You Can Now Buy One of Palm Springs's Most Historic Homes For $839K

One of the original steel-and-glass properties built by Donald Wexler and Richard Harrison in Palm Springs just hit the market.
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In 1961, architects Donald Wexler and Richard Harrison partnered to build a series of properties in the iconic community of Palm Springs, California. At the time, the setting was not as famous as it is now, and neither was their idea for a new multi-family project. They wanted to build vacation homes for a burgeoning middle class to escape to—and they planned to create them with nothing more than steel and glass. 

The process started two hours away in Los Angeles, where kitchens, bathrooms, and main hallways were first constructed. These central hubs were then driven out to the desert, alongside the aforementioned glass and steel, which were used to encase and complete the plans. 

In all, it took three days to create clean, modernist lines in the jagged shadow of the San Jacinto Mountains. It was a revolutionary process for its time, and now—50 years later—the midcentury design is still striking. That's why it is particularly exciting that one of these homes is up for sale

Wexler and Harrison's original plan was to create affordable vacation homes for a growing middle class. When this home first went on the market with the others in 1962, it was competitively priced between $13,000 and $17,000. 

"Steel Development House Number 2," which features two bedrooms and two bathrooms in 1,411 square feet, has been listed by its longtime owner for $839,000. Scroll ahead to see more of this fascinating property.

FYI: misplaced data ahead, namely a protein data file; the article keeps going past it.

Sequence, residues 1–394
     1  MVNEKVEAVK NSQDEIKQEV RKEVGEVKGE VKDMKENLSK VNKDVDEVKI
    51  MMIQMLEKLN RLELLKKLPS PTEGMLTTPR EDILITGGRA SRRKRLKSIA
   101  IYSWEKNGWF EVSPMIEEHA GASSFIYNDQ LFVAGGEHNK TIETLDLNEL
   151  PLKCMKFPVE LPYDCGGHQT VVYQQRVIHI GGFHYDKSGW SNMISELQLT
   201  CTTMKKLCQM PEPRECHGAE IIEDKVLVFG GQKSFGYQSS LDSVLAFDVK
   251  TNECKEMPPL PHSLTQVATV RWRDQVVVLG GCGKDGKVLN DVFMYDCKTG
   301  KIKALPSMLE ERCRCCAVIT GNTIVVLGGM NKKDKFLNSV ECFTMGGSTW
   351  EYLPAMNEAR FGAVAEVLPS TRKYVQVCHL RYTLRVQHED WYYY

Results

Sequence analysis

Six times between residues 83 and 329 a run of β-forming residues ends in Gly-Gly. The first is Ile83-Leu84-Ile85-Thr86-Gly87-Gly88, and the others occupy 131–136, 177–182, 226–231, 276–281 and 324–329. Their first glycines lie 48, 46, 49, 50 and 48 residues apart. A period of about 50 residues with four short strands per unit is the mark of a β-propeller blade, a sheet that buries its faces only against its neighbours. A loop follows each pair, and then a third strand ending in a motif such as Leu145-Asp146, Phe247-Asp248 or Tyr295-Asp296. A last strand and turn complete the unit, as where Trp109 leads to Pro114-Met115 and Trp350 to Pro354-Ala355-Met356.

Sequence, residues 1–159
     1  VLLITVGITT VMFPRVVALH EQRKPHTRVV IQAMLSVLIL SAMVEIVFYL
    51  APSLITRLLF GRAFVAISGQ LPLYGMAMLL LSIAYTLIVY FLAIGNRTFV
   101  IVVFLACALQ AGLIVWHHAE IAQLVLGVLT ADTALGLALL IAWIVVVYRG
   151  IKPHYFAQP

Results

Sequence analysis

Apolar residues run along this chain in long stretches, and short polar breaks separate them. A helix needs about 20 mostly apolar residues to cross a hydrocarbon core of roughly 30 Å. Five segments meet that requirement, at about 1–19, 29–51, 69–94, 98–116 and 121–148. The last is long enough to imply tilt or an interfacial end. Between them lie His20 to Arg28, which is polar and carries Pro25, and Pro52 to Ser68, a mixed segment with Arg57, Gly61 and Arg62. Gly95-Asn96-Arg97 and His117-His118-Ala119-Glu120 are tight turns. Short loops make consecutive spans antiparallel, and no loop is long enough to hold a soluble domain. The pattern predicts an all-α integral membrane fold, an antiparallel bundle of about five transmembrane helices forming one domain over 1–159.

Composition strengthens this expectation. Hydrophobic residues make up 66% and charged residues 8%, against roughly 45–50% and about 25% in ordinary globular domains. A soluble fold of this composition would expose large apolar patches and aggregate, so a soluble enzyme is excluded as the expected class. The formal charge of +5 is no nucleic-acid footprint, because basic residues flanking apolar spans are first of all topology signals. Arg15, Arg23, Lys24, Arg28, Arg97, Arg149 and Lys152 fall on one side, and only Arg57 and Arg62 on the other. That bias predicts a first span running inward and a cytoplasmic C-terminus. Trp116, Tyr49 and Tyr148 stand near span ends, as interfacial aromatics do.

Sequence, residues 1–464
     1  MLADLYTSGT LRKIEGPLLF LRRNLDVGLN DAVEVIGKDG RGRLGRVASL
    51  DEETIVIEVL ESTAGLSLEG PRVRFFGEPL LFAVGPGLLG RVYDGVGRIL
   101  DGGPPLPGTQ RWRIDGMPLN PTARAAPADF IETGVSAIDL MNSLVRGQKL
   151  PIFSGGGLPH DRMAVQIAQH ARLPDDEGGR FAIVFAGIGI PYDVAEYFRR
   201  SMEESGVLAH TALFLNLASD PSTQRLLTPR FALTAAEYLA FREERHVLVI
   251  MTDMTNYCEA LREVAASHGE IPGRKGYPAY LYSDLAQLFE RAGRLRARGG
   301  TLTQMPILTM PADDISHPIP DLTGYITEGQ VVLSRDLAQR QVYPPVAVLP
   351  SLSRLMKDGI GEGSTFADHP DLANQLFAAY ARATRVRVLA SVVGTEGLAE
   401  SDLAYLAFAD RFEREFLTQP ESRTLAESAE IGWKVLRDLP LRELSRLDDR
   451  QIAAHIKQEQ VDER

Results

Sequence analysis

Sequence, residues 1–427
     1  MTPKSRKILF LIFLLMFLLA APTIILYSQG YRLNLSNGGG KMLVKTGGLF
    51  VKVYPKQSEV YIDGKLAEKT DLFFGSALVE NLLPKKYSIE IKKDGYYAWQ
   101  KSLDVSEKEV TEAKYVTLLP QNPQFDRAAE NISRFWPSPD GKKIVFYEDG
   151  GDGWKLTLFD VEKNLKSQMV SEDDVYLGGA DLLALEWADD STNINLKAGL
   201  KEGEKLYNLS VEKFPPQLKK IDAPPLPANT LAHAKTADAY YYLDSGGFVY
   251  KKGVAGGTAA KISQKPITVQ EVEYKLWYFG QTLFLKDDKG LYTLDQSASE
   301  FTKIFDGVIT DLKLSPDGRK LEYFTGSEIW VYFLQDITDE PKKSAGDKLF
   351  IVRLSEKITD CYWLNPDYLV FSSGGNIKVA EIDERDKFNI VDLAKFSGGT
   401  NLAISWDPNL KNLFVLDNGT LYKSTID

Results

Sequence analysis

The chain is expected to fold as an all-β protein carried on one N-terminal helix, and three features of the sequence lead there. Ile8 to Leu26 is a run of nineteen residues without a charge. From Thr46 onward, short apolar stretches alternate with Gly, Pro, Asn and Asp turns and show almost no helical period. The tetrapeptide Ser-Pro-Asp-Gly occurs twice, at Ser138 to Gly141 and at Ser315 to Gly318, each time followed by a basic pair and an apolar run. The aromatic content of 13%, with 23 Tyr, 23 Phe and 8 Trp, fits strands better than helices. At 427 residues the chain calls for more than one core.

The longtime owner updated the landscaping in 2001 with Wexler's oversight. 

Wexler and Harrison's vision has been well preserved, as this home is one of the three original properties in their plan (a total of seven were built) and only slight modifications have been made to it over the years. In fact, when the owner decided to update the home's kitchen and landscaping in 2001, he asked Wexler to act as a consultant. 

The two-bedroom, two-bathroom house is set on a fourth-acre lot. 

The owner had the property listed on the National Register of Historic Places in 2012, which was the first midcentury structure in the city to get that classification. And he went one step further. The owner also got the site protected by the Mills Act, which reduced property taxes being that the dwelling was registered as a historic structure. This nifty benefit can now be transferred to the new owner.  

Natural light is a given in this home, since each major room features floor-to-ceiling glass panels and sliding doors that are all eight feet high. The pool also has an automatic retractable cover. 

This space is an extraordinary example of work by two celebrated architects in a design lover's city. That's why the owner hopes the next person to hold the home's keys will "be a steward for a piece of architectural history."     

The home features terrazzo flooring. 

The kitchen was restored in 2001 following guidelines from its original configuration. 

 3125 North Sunnyview Drive is currently being listed for $839,000 by Paul Kaplan Group. See the full listing here

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